Additionally, you would think that since the majority of them get paid as a percentage of revenue that they are very incentivized to show your property off and get it rented quickly.

I have found this to be false, and a trap for first-time landlords.

The majority of property management firms are under-staffed and focused on their larger customers.

There is no one as motivated as you to get the property rented.

Cozy provides a great set of free tools for market your property, accepting applications, running credit checks and receiving rent. All that is left to deal with is maintenance issues.

Several of my friends use Cozy and they have it in their lease that anything under $100 the tenant is responsible for. However, be cautious of charging repair deductibles for repairs that are really your responsibility.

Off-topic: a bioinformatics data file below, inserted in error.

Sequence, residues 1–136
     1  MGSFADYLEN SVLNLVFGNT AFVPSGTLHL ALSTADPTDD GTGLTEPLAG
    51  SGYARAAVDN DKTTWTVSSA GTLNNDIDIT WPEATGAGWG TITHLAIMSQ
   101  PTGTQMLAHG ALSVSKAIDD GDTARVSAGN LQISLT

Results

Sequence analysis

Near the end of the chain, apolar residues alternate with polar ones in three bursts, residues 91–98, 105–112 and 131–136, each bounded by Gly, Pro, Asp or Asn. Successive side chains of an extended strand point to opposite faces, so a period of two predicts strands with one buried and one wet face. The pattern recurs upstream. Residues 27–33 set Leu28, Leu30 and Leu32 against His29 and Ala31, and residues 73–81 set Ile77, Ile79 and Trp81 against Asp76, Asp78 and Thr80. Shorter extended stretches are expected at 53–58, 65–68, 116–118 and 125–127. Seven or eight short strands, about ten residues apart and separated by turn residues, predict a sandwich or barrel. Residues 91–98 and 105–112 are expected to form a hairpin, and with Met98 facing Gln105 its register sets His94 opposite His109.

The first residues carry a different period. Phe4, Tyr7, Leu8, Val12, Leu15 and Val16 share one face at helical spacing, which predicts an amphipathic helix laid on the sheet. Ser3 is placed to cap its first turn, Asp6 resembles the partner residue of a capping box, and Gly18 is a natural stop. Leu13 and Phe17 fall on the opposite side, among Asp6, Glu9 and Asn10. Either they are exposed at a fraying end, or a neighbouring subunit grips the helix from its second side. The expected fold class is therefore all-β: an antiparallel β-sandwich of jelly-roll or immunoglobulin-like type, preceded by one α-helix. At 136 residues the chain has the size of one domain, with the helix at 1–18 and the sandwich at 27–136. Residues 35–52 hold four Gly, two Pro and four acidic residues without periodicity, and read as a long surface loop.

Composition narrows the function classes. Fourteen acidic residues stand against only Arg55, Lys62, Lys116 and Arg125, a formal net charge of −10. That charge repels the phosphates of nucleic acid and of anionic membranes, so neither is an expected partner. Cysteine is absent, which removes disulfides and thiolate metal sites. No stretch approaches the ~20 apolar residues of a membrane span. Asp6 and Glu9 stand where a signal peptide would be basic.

Related: Don’t Charge a Maintenance Request Fee or Repair Deductible

Any problem over that they are directed to call a general contractor that they have a good relationship with. This simple but powerful system will completely negate the need for a property management company and more importantly make your real estate business more profitable. Just be sure to have final approval on all work done – before the contractor starts.

7. Asking Friends and Family for Advice

This is perhaps the biggest mistake I see people making. Everybody has an opinion and it seems like everybody has heard of some horrible tenant story.

Real estate has been responsible for a tremendous amount of wealth generation in the United States. No, it’s not easy but it can be worthwhile when you structure your business correctly.